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Answering Kids’ Questions About the Coronavirus, in Free - Press "Enter" to skip to content

Answering Kids’ Questions About the Coronavirus, in Free Picture Books

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In India, where more than 250 million children have been affected by school closures, Worldreader is working with educational agencies and telecommunications companies to alert parents to its free e-reading service through WhatsApp and SMS group messages.

“The evidence is so overwhelming that without a literate and reading population, you can’t have a self-reliant, healthy population,” Mr. Risher said.

Other literacy organizations, nonprofits and subscription services have also opened up their e-book collections for children who are out of school. The digital reading platform Epic, which has more than 40,000 children’s e-books, has made its library available at no charge, allowing schoolteachers to give their students access to its e-books through June 30. Since the start of the pandemic, the nonprofit First Book has distributed more than a million print editions of children’s books, and has made downloadable e-books available to teachers to distribute to their students. In the past six weeks, teachers have used 724,000 download codes to access e-books for their students, surpassing the number of downloads for all of 2019, according to a spokeswoman for First Book. Scribd, an e-book and audiobook subscription service that includes 150,000 children’s and young adult titles, is offering free access to its digital library for 30 days. (One of the recommended reading lists is titled “Keeping kids busy at home.” “We’ve put together a list of kids’ books to help your household stay sane and even enjoy this time of forced family togetherness,” the description says.)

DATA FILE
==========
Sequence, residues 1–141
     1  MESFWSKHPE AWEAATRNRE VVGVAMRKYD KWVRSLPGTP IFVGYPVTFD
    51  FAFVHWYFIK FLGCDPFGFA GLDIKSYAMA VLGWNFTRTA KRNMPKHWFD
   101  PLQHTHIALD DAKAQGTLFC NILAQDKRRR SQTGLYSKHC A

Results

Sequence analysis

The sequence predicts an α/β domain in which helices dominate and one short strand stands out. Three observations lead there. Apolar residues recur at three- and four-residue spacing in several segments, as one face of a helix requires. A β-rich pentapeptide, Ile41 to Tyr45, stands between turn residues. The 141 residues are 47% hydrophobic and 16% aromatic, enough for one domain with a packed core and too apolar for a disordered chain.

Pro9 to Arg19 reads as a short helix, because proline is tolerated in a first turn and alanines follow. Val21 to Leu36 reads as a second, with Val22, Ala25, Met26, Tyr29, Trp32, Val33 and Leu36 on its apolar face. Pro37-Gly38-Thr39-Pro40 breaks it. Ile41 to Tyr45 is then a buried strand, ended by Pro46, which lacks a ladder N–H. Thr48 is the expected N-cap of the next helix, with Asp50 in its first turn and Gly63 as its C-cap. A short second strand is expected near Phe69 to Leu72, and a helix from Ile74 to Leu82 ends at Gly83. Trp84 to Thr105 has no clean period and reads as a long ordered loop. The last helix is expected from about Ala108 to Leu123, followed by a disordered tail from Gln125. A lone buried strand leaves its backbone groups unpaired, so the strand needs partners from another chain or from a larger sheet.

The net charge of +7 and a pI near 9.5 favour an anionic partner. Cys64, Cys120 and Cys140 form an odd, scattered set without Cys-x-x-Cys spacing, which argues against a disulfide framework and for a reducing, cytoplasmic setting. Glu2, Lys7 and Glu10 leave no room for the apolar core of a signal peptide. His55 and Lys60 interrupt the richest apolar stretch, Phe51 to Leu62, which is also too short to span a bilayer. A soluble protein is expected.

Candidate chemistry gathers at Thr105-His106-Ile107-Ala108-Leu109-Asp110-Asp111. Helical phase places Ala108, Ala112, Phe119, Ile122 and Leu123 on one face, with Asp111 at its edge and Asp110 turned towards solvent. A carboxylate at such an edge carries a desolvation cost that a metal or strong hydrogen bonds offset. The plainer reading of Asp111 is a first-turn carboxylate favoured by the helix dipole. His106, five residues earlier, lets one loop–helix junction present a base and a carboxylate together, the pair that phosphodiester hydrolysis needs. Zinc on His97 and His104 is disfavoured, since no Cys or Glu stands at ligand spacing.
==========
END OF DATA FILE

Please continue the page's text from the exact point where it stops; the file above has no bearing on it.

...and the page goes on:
Worldreader remains focused on reaching children in the developing world, though they’ve discussed expanding to Europe and North America in the wake of school closures across those continents, Mr. Risher said, and the group’s BookSmart app is accessible in the United States and Britain.

Worldreader started with a trial program with e-readers in Africa in 2009, but a few years later the group shifted its focus to a mobile reading app for cellphones. Through partnerships with 426 different publishers, Worldreader built up a library of more than 12,000 e-books in more than 50 languages, including classics like “The Chronicles of Narnia” and contemporary best sellers like Mary Osborne’s “Magic Tree House” series and several of Neil Gaiman’s books for young readers. Penguin Random House has provided some 450 e-books for Worldreader’s library; Simon & Schuster has made 100 of its titles available, and plans to add another 100 books for the BookSmart app.

“They have been very assiduous about identifying the communities that need these books,” said Carolyn Reidy, the president and chief executive of Simon & Schuster. “Everyone’s at home, and everybody does not have the ability to do distance learning.”


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